Stimulated Scattering

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What happens when your laser turns the air into a laser? You get stimulated scattering, and it can be a big problem for some kinds of beams.

There is a physical phenomenon called Raman scattering where a photon can bounce off an atom or molecule and create two lower energy photons that add up to the same energy. Usually one of them will be deep in the infrared, the other just has all the energy that wasn’t used up making that infrared photon (which is usually most of it). This is usually a very weak process, and for practical purposes we wouldn’t usually need to worry about it. However ...

If you have a whole bunch of photons of the same energy (like a laser beam) going past atoms (like if the beam is in the air), and a photon of just the right energy happens to come past corresponding to the Raman scattered photons (like if one of the other photons in the beam had undergone Raman scattering), it can make a photon that normally would have just minded its own business undergo Raman scattering to give a photon that matches the incoming scattered photon. Then this scattered photon can make even more of the original photons also scatter. This is just the same stimulated emission process that makes lasers work, but now it is removing photons from your beam!

In order for this to become an issue, you need high powers and long distances over which the scattering amplification can occur. Unfortunately, the two things a laser weapon wants to have are high powers and long ranges, Oops.

So will it affect your laser? Let’s calculate it! The distance where we expect stimulated scattering to ruin your beam is about [1]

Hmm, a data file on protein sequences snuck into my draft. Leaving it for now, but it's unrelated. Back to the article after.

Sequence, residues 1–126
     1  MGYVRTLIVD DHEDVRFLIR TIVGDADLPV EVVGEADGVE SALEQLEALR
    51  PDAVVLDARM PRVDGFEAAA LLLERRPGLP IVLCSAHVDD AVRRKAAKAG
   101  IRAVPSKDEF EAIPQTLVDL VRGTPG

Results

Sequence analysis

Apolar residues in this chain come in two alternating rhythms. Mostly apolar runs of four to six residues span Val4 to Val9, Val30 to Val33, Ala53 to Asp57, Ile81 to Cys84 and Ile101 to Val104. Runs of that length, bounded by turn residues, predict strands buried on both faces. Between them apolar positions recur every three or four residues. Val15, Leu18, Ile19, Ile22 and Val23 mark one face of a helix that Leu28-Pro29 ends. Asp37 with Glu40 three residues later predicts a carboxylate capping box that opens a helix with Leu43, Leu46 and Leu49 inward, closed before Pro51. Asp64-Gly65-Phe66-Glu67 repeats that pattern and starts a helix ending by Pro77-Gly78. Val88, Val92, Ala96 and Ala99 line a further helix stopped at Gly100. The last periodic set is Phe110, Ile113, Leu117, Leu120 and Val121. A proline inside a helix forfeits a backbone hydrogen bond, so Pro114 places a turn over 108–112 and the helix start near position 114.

where is the spot diameter at the target, is the diameter of the focusing aperture, is the beam power, and is the gain. In Earth-like air, the gain for any particular wavelength and pulse duration can be estimated with [2] [3] [4] [5]

where , , and .

It may be possible to preempt unwanted stimulated scattering by emitting small amounts of light in the Raman-shifted wavelengths in laser modes that focus along with the main pulse. Now these additional modes will cause all the stimulated scattering first, before random Raman scattering from the air can build up. So even though you still get runaway Raman scattering, it will still be adequately focused on your target. If this mode will in turn succumb to stimulated scattering before it reaches its target, inject a second mode to preempt its stimulated scattering, and so on.

A less complicated method is to do what the laser fusion people do, and just use laser pulses with a large spread in frequencies. Any one frequency of your laser now has a much lower intensity to stimulate the Raman scattering.


Author: Luke Campbell


  1. Philip E. Nielsen, “Effects of Directed Energy Weapons”, (2012)
  2. A. A. Zemlyanov and Yu. E. Geints, "Effect of Diffraction on Stimulated Raman Scattering of Laser Radiation in the Middle Atmosphere", Optics and Spectroscopy, Vol. 99, No. 4, 2005, pp. 620–629. Translated from Optika i Spektroskopiya, Vol. 99, No. 4, 2005, pp. 644–654.
  3. Song Ruhua and Yue Shixiao, "Stimulated Rotational Raman Scattering of N in the Atmosphere", National Air Intelligence Center NAIC-ID(RS)T-0443-93
  4. M. Rokni and A. Flusberg, Stimulated Rotational Raman Scattering in the Atmosphere, IEEE Journal of Quantum Electronics, Vol. QE-22, No. 7, pg. 1102-1108, (1986)
  5. A. Ori, B. Nathanson, and M. Rokni, The Threshold for Transient Stimulated Rotational Raman Scattering in the Atmosphere, J. Phys. D: Appl. Phys. 23 (1990) 142-149